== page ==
All businesses experience seasonal busy periods. Here are 6 management skills all leaders require for effective business management over busy periods.
On 11 December 2019 retailer Alibaba made a record-breaking R570 billion
from its Singles Day Sale. It clocked R194 billion in the first hour. South
Africa’s own super sale day is happening on 29 November. Last year’s Black
Friday (BF) saw retail sales shoot up by 2 571% versus a normal Friday. Overall, the sale day
grew by 19.52% in 2018 – and it’s expected to considerably surpass that this
year. Saffers are set to spend about 36% more in 2019, according to a PwC
Strategy& survey, with average consumer spend of R3 812 per person.
While it’s a day many look forward to, it can be a period of profound dread for others.
For those working in retail over the Black Friday period, stress can sky-rocket as workload increases exponentially. The Guardian and NBC News paint bleak pictures of conditions overseas, giving insight into the kind of strain unprecedented consumerism can wreak. This kind of insight shows why retailers must prioritise people and project management over these periods, to keep staff sane and spirits high!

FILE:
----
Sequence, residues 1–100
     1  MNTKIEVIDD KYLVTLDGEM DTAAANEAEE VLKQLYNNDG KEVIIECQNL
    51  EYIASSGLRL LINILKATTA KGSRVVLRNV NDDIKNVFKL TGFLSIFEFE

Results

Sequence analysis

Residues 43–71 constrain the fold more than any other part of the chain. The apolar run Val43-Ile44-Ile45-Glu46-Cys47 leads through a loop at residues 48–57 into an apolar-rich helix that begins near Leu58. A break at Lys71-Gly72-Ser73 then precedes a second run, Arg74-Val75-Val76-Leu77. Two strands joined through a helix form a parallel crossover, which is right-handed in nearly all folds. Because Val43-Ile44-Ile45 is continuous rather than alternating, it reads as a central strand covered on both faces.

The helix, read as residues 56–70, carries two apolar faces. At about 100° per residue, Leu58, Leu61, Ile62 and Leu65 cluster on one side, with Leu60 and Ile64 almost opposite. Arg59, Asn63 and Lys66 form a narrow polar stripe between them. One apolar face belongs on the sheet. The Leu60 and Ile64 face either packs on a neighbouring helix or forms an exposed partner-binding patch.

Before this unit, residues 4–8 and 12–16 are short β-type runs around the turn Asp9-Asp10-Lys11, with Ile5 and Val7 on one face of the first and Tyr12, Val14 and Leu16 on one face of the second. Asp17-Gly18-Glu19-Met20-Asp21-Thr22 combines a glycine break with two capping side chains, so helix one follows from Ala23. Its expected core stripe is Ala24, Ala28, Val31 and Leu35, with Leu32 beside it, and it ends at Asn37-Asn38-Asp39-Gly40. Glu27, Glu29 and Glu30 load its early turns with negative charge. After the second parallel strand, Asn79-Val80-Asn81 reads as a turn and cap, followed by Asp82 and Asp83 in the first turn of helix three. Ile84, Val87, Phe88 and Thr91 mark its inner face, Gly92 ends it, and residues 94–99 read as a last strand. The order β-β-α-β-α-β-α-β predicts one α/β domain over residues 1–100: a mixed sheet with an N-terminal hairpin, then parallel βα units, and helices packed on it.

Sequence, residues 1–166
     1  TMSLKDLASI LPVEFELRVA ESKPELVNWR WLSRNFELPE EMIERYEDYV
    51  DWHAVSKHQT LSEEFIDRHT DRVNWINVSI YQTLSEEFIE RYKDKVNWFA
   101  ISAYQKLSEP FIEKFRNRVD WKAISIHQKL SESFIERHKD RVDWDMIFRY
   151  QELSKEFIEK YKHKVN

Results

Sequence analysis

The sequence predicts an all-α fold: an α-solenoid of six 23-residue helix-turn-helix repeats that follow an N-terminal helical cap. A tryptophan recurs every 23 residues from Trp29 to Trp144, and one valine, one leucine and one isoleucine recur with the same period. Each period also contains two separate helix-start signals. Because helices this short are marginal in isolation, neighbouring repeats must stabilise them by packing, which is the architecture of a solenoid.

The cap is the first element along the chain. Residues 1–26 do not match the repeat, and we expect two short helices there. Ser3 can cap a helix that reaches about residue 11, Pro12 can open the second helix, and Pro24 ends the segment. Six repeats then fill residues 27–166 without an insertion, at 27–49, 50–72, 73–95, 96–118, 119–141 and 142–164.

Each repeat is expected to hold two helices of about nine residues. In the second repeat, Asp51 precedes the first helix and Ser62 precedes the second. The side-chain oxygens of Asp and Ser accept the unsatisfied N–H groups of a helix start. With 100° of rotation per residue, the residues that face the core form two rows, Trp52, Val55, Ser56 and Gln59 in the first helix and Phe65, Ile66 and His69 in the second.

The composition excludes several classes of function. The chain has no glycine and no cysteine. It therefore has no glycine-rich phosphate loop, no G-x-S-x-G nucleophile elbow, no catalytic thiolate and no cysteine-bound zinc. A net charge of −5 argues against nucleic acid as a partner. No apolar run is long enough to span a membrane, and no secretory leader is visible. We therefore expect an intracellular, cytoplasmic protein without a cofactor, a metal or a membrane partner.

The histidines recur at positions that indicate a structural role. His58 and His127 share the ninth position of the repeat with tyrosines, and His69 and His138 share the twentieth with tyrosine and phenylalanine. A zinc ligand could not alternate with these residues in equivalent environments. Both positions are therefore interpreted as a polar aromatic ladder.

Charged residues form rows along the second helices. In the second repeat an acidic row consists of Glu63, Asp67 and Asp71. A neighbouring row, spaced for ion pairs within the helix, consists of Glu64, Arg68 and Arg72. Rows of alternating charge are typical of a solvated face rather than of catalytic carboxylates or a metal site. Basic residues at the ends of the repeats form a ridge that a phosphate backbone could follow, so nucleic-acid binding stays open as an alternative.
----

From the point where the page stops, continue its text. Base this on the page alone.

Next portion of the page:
The Guardian and NBC raise concern around the fact that low wages have become standard practice, especially for contract workers hired to handle the huge volumes of orders underway. While staff are expected to work long hours in some places, there’s little in the way of overtime or paid vacation compensation. Rather, unstable shift schedules prevail, with erratic conditions and income instability. Another consideration is that more people order bigger things, so there’s lots of labour required to move around big-ticket equipment like fridges and TVs.
With so many extra hands and an influx of orders, it’s also easy to see why workplaces get chaotic, quickly. Strong project and people management practices are required, especially for overseeing teams of newly hired contract workers. On a day that’s about making lots of money as fast as possible, it’s vital that ethics and values are not overlooked. Leaders must make sure their internal teams feel supported, motivated and taken care of. Burn-out is a very real threat, especially as anxiety levels soar.
What management skills are useful for effective business management over busy periods?
MC Botha, Senior Lecturer on Project Management at USB-ED, offers insight below:
1. Project management
Sales is a typical operational endeavor in the business domain. However, Black Friday is a project in its own right. Prior planning is required to ensure that customer experience is more than the “bargain” of the day. Black Friday should demonstrate excellence in planning and preparation. It requires a project manager with a clear plan that has been communicated to a well-briefed team.
Risk assessment of the day is a crucial prior requirement. Obviously, increased business activities will place additional burden on staff and systems. It is good practice to ensure that prior engagement takes place in respect of the “what if” possibilities of Black Friday. Knee jerk responses with volumes of customers waiting to be serviced will have a negative reputational effect.